Who will emerge as the most likely No. 1 overall pick?
This year is unique because there are multiple candidates to be the top selection in the draft. NFL Network’s Daniel Jeremiah has Alabama offensive lineman Evan Neal as the top selection. Pro Football Focus’s top rated player is Michigan pass rusher Aidan Hutchinson. Oregon’s Kayvon Thibodeaux has been routinely mocked in the top three and there’s growing momentum for North Carolina State tackle Ikem Ekwonu. According to Vegas Insider, all four of them have between +120 and +700 Vegas odds to be picked by the Jacksonville Jaguars first overall, which tells us that the outside world really doesn’t know yet.
Will the NFL Combine make it more clear which player should be the first off the board on draft night? Or will someone else emerge as a contender for the No. 1 pick? Safety Kyle Hamilton is ranked third by PFF and Mississippi State tackle Charles Cross rates as PFF’s fifth best player. They are longer shots to be taken at the top but an other-worldly Combine performance could change minds.
The five quarterbacks who have been ranked as potential first-round picks are: Kenny Pickett (Pitt), Malik Willis (Liberty), Sam Howell (North Carolina), Matt Corral (Ole Miss) and Desmond Ridder (Cincinnati). Some have also thrown Nevada QB Carson Strong’s name in the mix. But if you look around the internet, you will find lots of differing opinions and orders in which they are expected to be drafted.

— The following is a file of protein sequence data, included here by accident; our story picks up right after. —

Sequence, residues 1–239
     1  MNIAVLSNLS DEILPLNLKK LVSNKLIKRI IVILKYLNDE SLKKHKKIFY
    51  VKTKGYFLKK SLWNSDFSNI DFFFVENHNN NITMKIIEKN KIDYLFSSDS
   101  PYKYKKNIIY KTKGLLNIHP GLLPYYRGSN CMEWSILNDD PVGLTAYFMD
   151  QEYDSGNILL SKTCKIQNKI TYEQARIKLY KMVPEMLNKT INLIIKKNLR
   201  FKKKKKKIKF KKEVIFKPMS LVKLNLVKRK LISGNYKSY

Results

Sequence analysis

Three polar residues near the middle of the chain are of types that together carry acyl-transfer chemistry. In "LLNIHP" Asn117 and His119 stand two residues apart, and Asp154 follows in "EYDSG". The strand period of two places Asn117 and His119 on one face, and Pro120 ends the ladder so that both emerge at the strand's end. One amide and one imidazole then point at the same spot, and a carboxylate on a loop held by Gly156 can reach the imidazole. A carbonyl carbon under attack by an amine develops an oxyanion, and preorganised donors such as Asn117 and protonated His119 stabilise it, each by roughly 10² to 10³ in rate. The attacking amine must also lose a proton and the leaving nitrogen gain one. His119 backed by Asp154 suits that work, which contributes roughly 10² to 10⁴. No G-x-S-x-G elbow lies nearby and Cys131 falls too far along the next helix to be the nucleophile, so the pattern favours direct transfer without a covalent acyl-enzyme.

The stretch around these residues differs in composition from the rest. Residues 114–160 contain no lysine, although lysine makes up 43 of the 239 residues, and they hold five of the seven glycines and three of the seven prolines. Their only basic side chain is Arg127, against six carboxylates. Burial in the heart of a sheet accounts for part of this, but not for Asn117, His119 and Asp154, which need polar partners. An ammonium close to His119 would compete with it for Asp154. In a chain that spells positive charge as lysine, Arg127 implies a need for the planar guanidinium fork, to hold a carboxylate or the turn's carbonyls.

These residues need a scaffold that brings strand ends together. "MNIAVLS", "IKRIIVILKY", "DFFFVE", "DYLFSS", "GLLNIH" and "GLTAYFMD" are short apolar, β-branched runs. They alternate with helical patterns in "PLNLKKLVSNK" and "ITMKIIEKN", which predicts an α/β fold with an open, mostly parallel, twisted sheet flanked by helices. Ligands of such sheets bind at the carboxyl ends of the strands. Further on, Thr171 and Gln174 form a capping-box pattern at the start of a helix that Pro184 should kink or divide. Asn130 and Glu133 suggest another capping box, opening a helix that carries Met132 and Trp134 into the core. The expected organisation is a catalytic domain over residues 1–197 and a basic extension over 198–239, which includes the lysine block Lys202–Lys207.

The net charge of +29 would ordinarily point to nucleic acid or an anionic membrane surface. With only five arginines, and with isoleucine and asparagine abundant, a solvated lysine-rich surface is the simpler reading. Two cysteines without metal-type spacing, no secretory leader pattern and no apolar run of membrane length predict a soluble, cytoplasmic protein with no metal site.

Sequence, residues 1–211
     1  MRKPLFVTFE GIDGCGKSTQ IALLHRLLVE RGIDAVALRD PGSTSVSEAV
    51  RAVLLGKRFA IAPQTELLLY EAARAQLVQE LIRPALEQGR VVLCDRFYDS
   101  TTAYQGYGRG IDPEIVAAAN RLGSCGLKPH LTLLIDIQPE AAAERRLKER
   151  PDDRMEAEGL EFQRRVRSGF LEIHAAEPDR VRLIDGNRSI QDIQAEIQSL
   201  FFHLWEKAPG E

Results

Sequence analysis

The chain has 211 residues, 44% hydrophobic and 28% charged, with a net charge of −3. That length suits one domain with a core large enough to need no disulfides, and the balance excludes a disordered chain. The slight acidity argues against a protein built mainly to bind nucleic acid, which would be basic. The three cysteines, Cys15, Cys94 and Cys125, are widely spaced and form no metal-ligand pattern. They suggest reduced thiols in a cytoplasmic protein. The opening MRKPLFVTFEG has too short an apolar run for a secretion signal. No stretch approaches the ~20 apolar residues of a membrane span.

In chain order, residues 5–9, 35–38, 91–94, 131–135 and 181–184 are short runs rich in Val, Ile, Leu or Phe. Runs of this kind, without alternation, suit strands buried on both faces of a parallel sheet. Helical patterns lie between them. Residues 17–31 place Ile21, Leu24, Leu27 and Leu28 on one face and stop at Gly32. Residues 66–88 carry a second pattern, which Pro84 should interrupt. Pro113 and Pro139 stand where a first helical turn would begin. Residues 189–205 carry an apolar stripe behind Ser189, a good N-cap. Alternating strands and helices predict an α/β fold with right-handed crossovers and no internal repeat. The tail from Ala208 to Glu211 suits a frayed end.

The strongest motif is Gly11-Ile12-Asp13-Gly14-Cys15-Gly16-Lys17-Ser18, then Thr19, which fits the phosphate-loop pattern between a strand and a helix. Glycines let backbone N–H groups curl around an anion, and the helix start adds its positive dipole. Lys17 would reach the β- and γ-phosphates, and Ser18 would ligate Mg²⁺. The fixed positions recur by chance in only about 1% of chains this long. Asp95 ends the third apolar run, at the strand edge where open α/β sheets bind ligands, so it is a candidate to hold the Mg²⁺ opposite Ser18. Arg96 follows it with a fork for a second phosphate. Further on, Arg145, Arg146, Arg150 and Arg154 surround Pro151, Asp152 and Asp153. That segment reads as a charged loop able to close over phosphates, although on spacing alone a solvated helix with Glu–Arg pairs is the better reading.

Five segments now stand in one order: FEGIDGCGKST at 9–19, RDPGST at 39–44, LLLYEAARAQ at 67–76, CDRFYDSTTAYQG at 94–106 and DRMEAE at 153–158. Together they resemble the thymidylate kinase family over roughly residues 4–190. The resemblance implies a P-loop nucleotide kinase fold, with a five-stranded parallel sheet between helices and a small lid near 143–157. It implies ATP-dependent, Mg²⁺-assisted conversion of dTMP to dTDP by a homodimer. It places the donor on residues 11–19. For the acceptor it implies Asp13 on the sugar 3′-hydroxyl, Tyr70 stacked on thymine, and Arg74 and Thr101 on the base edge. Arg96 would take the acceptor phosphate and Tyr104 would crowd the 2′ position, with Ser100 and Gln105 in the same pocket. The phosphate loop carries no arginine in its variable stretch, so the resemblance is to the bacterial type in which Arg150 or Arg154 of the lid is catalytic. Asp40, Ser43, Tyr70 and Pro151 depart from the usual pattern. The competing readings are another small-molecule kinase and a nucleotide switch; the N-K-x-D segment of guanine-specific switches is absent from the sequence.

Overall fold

Here’s what each QB is looking to prove at the Combine:
Pickett — Needs to show that his hand size and arm strength won’t fall below the spectrum of successful NFL quarterbacks.
Willis — That he can harness his raw skills and deliver consistently accurate passes during the workout.
Howell — Has to flash some type of standout skill, whether it’s athletically or with his arm talent.
Corral — If he participates following a late-season injury, Corral has to give reason to believe that his athletic gifts can overcome his lack of size and high-end production.
Ridder — Does he have the arm strength to compete with the top picks?
Strong — Is there anything beyond his cannon arm?
Receivers and corners can separate themselves
There is a cluster of receivers and cornerbacks with similar first-round grades that will have an opportunity to rise up the ranks.
On the receiver side, PFF ranks USC’s Drake London as the 10th best prospect, followed by Ohio State’s Garrett Wilson at 13, Alabama’s Jameson Williams 17th and Ohio State’s Chris Olave 19th. Will any of them shoot to the top of the list with a 40 time the way Henry Ruggs did in 2020 or John Ross in in 2017?
As for corners, PFF lists LSU star Derek Stingley Jr. as the third best prospect in the entire draft. Behind him there are three more corners who could make their case to be selected as the second man at their position off the board. Washington’s Trent McDuffie (8th), Cincinnati’s Ahmad Gardner (11th) and Clemson’s Andrew Booth Jr (18th). Baylor’s Jalen Pitre is just outside the top 25 as well. At 6-foot-3, Gardner’s shiftiness will be questioned until he puts on a show at the Combine.
These rankings are very much subject to change depending on which players flash exceptional athletic talent and interview well behind the scenes in Indianapolis this week.